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Facebook is slowing its donations to US politicians, even as a hotly contested presidential election approaches. The social media company is on track to spend significantly less via its political action committee in 2020 than it did in either 2016 or 2018 — despite tripling revenues since 2016. The company is also slowing the speed at which it is making donations, an analysis of FEC filings by Business Insider found. And it is moving away from donating to candidates directly, instead directing its funds to Democratic and Republican Party committees only. Facebook is facing intense political and regulatory scrutiny right now. Facebook is taking an unusually conservative approach to political donations in 2020. The social networking giant is on track to spend less this electoral cycle than in either 2018 or 2016 despite growing massively over the same time period, a Business Insider review of Federal Election Commission (FEC) filings found, and it is also dialing back its direct donations to politicians. The change in strategy comes as Facebook faces intense political pressure over its perceived closeness to the Trump White House, increasing regulatory scrutiny, and even as rivals like Google maintain their own electoral spending. A Facebook spokesperson declined to comment on Facebook's donation strategy for 2020. Facebook, like many big tech companies, operates a political action committee (PAC) to route its donations to politicians in the US. (Companies cannot donate directly to candidates.) These PACS are largely fueled by donations from staffers at their respective companies (Facebook's donors have included CEO Mark Zuckerberg, CTO Mike Schroepfer, and CFO Michael Wehner, for example), and the donations are broadly bipartisan, fueling various campaign efforts for both Democrats and Republicans. In the past, Facebook has funded Democratic Sen. Chris Coons of Delaware, Republican Sen. Steve Daines of Montana, and Republican Congressman Mike Rounds of South Dakota, among others, and typically gives slightly more to Republican candidates than Democrats, according to a previous analysis by OpenSecrets.  On its corporate website, Facebook says its donations are aimed at "support[ing] the campaigns of candidates for public office in the United States who have certain policy stances that are consistent with Facebook's public policy views and business interests." Facebook's donations are dropping In 2016, Facebook's PAC spent roughly $675,600 over the two-year election period. The 2018 two-year election period's spend increased somewhat, to $721,750. But if Facebook continues to spend at a comparable rate in 2020 as it did in previous years, it is likely to spend noticeably less: Around $580,000. By July in the previous two election years, Facebook had spent roughly 73%-75% of its total spend for that two-year cycle. As of July 2020, Facebook has spent just under $430,000. Following a similar rate of spend, it would take the total for the cycle to around $100,000 less than it spent in 2016. (The company could still decide to make unusually large donations for the remainder of 2020, throwing off this prediction.) Meanwhile, Facebook's revenues have grown dramatically — from $5.4 billion in the first quarter of 2016 to $17.7 billion in the first quarter of 2020, along with its corresponding profits. The frequency of Facebook's donations is also slowing. Unlike in previous years, Facebook is now only making donations roughly every three months, making either no or negligible disbursements the other months. And the company's PAC appears to now be backing away from making donations directly to candidates. While in previous months and years Facebook has patronized a variety of politicians, in its July 2020 filing published Monday (that details donations from June 2020), it details donations to only four organisations: The Democratic Congressional Campaign Committee (DCCC), the Democratic Senatorial Campaign Committee (DSCC), the National Republican Congressional Committee (NRCC), and the National Republican Senatorial Committee (NRSC), of $15,000 apiece.  Facebook is under attack As the 2020 election ramps up, Facebook has found itself increasingly under fire from all sides. Many on the right have accused the social network, without proof, of deliberately censoring conservatives. And increased awareness of the market power and dominance of tech companies has prompted growing calls on the left for antitrust action to be taken against Facebook.  Meanwhile, the company's refusal to take action against posts by Donald Trump that critics said glorified violence sparked mass outrage, including among the company's employees, who in June staged a virtual walkout of several hundred workers — the largest show of worker unrest in the company's history. And concerns continue to remain about the spread of fake news and hate speech on the social network. Throughout July, numerous high-profile advertisers are taking part in a boycott of the company's ad products, including Starbucks, Adidas, Unilever, and Ford. Faced with this sustained hostility, the company may be trying to avoid any potential blowback from donations to individual candidates, without pulling the plug on its donations and the political goodwill they generate altogether. Google has previously faced scrutiny over its donations to controversial right-wing politicians — though it continues to donate directly to candidates' PACs, as of its July 2020 FEC filing. Do you work at Facebook? Contact Business Insider reporter Rob Price via encrypted messaging app Signal (+1 650-636-6268), encrypted email ([email protected]), standard email ([email protected]), Telegram/Wickr/WeChat (robaeprice), or Twitter DM (@robaeprice). We can keep sources anonymous. Use a non-work device to reach out. PR pitches by standard email only, please.SEE ALSO: Mark Zuckerberg called the Trump administration's response to COVID-19 'really disappointing' in a Facebook interview with Fauci Join the conversation about this story » NOW WATCH: Why electric planes haven't taken off yet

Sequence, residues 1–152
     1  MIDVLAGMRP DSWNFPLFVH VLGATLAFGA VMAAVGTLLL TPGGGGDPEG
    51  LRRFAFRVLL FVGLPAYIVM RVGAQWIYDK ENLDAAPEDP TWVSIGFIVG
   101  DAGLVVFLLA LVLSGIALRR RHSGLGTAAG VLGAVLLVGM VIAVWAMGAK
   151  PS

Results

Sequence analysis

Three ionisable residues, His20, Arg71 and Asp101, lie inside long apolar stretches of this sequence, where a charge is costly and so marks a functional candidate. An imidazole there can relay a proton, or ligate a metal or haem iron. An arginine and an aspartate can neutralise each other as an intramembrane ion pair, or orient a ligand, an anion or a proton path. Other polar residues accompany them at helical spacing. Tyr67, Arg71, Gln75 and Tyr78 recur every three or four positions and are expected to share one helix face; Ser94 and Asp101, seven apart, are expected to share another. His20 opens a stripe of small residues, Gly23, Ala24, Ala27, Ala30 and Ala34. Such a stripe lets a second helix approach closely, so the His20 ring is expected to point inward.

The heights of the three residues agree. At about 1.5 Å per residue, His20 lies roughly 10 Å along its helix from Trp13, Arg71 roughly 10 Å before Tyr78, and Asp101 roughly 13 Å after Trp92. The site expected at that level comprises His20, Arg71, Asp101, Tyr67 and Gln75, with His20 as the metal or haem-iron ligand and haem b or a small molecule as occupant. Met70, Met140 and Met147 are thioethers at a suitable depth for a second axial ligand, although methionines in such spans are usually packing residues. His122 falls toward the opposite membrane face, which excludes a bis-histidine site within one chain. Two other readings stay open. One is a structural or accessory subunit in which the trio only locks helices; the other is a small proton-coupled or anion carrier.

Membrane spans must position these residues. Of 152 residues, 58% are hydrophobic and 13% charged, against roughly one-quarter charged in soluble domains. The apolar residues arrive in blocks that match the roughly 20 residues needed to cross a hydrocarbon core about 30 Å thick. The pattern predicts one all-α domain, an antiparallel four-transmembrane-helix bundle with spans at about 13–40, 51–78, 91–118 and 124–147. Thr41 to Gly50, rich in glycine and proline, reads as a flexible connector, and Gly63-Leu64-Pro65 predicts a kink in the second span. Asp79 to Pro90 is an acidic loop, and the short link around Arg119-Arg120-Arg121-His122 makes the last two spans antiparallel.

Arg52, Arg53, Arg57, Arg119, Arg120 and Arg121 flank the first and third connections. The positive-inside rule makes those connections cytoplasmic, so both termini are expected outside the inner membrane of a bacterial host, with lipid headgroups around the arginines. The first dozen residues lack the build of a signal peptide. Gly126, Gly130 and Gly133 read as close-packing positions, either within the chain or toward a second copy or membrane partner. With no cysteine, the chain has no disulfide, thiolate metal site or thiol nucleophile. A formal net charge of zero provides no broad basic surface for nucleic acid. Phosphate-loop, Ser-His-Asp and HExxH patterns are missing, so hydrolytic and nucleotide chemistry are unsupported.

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Google Chrome could soon replace your dedicated Android download manager.